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Reason Foundation

Reason Alert: Intangible Wealth, Paying for Roads

October 5, 2007

Mexican Migrant to the U.S. Is Five Times More Productive
"A Mexican migrant to the U.S. is five times more productive than one who stays home. Why is that? The answer is not the obvious one: This country has more machinery or tools or natural resources. Instead, according to some remarkable but largely ignored research -- by the World Bank, of all places -- it is because the average American has access to over $418,000 in intangible wealth, while the stay-at-home Mexican's intangible wealth is just $34,000. But what is intangible wealth, and how on earth is it measured? And what does it mean for the world's people -- poor and rich? That's where the story gets even more interesting." - In a Wall Street Journal op-ed, Reason magazine's Ronald Bailey delves in the secrets of intangible wealth.
» Bailey: Do Patents Actually Impede Innovation?

Paying for Roads
With toll road battles raging in Texas and the Pennsylvania legislature's rejection of Gov. Ed Rendell's proposal to lease the Pennsylvania Turnpike, Reason Foundation's Robert Poole examines where the toll road debate is headed and how we'll pay for major road projects in the future.
» Annual Highway Report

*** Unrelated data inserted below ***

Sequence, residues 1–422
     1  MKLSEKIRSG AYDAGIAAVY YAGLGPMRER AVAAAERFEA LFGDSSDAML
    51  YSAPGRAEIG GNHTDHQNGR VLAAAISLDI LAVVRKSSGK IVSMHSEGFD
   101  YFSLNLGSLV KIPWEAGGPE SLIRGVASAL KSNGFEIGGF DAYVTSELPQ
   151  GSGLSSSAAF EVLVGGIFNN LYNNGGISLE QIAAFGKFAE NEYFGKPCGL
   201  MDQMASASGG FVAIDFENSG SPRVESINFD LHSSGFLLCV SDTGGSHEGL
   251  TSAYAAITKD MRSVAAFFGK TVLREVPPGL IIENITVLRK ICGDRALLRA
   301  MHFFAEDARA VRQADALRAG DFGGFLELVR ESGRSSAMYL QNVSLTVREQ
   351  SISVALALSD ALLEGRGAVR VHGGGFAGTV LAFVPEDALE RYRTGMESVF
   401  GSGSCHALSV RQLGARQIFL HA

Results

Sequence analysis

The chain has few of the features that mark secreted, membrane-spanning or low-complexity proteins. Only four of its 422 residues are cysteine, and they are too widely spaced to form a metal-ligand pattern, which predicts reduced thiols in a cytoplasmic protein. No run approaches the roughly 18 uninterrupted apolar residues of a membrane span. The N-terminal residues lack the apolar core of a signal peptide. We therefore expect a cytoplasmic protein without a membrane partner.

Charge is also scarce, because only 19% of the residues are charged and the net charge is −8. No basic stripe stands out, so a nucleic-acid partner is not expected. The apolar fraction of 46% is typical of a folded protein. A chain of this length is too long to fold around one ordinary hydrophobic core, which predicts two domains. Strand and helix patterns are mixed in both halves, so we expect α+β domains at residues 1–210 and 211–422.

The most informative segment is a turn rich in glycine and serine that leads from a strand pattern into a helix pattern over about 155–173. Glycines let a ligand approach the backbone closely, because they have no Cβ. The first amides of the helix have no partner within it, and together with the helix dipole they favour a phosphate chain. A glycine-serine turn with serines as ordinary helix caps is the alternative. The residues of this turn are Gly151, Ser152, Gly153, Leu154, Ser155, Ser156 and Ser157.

» Study: How Bad Will Your Traffic Jams be in 2030?

Revisiting the Danish Cartoon Crisis
Over a year after the Danish newspaper Jyllands-Posten published the infamous cartoons of Mohammad — one of which portrayed the Muslim Prophet carrying a lit bomb in his turban — Reason magazine's Michael Moynihan says Denmark "is still noticeably on edge." Moynihan sat down with the man responsible for printing the cartoons, Jyllands-Posten's culture and arts editor Flemming Rose, to discuss the cartoons and today's political climate.

Join Us in DC on Oct. 9
Why do the British drink beer and the French drink wine? In his new book, War, Wine, and Taxes, George Mason University economist John V.C. Nye debunks the myth that Britain was a free-trading nation during and after the Industrial Revolution by revealing how the British used tariffs - especially on French wine - as a mercantilist tool to weaken France and to appease domestic brewers and other politically connected special interests. At 5 p.m. on Tuesday, October 9, in Reason's DC office near Dupont Circle, Professor Nye will discuss his book with Reason magazine's Editor-in-Chief Nick Gillespie and field questions from the audience about trade policy and its effects on the growth of government. And, under the direction of the French Wine Society, we'll sample a variety of fine wines that will make any protectionist rethink his or her position on free markets. For more information, or to RSVP, please email events@reason.com.

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Al-Qaeda's Forerunner
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Climate Change Confabs
Carbon limits, technological breakthroughs, or both?
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California Licenses Most Jobs in Nation
Regulations protect existing business interests from competition
Adam B. Summers



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